clockwise, Lamas say that negative residues are flung out of the body and the
bridge is strengthened between the left and right hemispheres. Spinning
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bridge is strengthened between the left and right hemispheres. Spinning
stimulates the body's energy system and wakes up the chakras.

Spinning: Extend your arms out to the sides and spin (in a clockwise direction).
Go as fast as you can without losing control (slow down or stop if you get dizzy).
Try to do 21 revolutions. 

Follow your right arm so that you spin around to your right. As you begin to spin,
focus your vision on a single point straight ahead and continue holding your vision
on that point as long as possible. Eventually you have to let it leave your field of
vision as your head spins with the body. As this occurs, turn your head around
quickly and refocus on your reference point as soon as possible. Using a reference
point helps prevent dizziness. Stop spinning as soon as you feel slightly dizzy. Lie
on the floor and breathe deeply before you begin the next rite. Raise your hands
above your head to stretch the back.
    
In India, the Maulawiyah, or whirling dervishes, spin unceasingly in a religious
frenzy. They always spin clockwise. The older dervishes are virile, strong, and
robust, far more so than most men of their age. Lamas say that this excessive
spinning  may be detrimental as it over-stimulates some of the vortexes, which
first accelerates the flow of energy but then blocks it. This building up and
tearing down action causes the dervishes to experience a kind of "psychic rush,"
which they mistake for something spiritual .

Lamas do not carry the whirling to an excess. While the whirling dervishes may
spin hundreds of times, the Lamas only do it 21 times, just enough to stimulate
the vortexes into action.

Rite 2
 Rite two is similar to Western abdominal exercises. By raising the head to the
chest, you create an extra stimulus to the solar plexus chakra and the conception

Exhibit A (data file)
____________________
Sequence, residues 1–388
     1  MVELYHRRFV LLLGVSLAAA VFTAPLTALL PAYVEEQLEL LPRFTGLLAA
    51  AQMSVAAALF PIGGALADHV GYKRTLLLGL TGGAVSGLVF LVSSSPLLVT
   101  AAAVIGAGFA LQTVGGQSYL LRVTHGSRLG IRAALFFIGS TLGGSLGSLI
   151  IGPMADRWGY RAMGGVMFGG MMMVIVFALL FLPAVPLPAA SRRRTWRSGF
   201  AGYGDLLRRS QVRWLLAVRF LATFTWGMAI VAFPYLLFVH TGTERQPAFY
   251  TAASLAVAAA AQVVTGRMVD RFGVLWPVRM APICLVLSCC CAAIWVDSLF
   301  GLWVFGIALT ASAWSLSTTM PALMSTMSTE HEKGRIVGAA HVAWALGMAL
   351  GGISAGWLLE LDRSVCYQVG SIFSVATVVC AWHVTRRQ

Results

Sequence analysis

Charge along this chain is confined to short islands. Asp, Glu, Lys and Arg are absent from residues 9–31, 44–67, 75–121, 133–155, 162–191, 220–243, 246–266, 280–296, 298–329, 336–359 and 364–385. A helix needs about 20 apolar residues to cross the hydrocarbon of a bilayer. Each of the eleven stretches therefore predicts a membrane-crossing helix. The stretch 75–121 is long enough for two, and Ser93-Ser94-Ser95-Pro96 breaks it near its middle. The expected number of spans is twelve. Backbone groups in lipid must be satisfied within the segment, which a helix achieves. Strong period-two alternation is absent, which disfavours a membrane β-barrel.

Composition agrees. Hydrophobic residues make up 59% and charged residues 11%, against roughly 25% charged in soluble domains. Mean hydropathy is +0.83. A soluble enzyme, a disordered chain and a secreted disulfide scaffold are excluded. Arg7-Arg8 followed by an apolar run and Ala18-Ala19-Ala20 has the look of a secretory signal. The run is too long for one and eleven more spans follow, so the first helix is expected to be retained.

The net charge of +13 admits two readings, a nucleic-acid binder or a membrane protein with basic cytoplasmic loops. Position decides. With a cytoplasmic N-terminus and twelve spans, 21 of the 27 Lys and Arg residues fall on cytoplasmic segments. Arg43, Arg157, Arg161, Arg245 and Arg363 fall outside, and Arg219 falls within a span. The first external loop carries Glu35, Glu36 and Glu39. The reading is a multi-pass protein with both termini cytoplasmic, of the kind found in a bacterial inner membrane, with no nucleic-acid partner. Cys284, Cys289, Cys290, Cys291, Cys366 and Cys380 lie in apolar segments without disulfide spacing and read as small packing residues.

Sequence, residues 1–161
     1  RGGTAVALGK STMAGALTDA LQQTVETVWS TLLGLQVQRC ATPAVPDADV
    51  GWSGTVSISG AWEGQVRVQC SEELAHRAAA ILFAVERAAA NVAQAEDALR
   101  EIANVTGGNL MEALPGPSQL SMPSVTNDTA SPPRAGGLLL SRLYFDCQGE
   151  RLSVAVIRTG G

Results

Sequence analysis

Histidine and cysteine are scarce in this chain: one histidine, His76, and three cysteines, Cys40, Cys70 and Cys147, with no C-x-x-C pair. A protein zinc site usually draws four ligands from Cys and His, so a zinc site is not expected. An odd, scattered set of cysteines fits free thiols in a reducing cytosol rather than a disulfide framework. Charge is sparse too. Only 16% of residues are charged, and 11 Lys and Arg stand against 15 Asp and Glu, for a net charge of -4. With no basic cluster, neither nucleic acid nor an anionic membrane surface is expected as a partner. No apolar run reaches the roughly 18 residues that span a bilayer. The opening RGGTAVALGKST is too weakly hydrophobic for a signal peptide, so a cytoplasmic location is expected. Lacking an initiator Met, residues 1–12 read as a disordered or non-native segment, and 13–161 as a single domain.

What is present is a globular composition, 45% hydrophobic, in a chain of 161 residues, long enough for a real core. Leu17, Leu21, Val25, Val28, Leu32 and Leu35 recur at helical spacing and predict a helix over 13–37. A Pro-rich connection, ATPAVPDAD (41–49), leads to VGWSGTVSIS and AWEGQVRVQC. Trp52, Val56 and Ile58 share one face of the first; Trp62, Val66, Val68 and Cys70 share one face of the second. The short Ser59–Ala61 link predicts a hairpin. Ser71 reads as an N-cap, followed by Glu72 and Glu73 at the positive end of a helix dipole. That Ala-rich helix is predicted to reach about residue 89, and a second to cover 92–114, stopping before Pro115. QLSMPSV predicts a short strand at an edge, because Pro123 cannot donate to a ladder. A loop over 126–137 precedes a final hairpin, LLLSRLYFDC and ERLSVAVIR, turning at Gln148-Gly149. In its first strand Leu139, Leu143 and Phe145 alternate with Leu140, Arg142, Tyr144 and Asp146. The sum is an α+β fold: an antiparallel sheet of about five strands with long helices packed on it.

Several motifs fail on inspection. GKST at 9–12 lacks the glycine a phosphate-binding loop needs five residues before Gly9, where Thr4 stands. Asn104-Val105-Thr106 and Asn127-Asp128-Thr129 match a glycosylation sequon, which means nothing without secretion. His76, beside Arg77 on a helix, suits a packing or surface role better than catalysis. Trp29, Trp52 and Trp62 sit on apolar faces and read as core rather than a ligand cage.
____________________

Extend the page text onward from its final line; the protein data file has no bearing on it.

vessel moving through the center of the truck. 

Use a thick rug or pad to protect your back as you lie on the floor. Lamas
perform the rites on what Westerners call a prayer rug, which is about two feet
wide and six feet long. The rug is fairly thick and is made of wool and a natural
fiber. It is used solely to insulate the body from the cold floor, but since
religious significance is attached to everything the Lamas do, it is called a
"prayer rug."

Leg Raises: First lie flat on the floor, face up. Fully extended your arms along
your sides, and place the palms of your hands against the floor, keeping the
fingers close together. Then, raise your head off the floor, tucking the chin
against the chest. As you do this, lift your legs, knees straight, into a vertical
position. If possible, let the legs extend back over the body, toward the head;
but do not let the knees bend. Then slowly lower both the head and the legs,
knees straight, to the floor. Allow all the muscles to relax, continue breathing in
the same rhythm. Breathe in deeply as you lift your legs and breathe out as you
lower your legs.
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lower your legs.

Upon sitting up, stretch your legs out in front of you. Starting at the thigh area,
stroke down the outside of your legs with your hands until you reach your feet.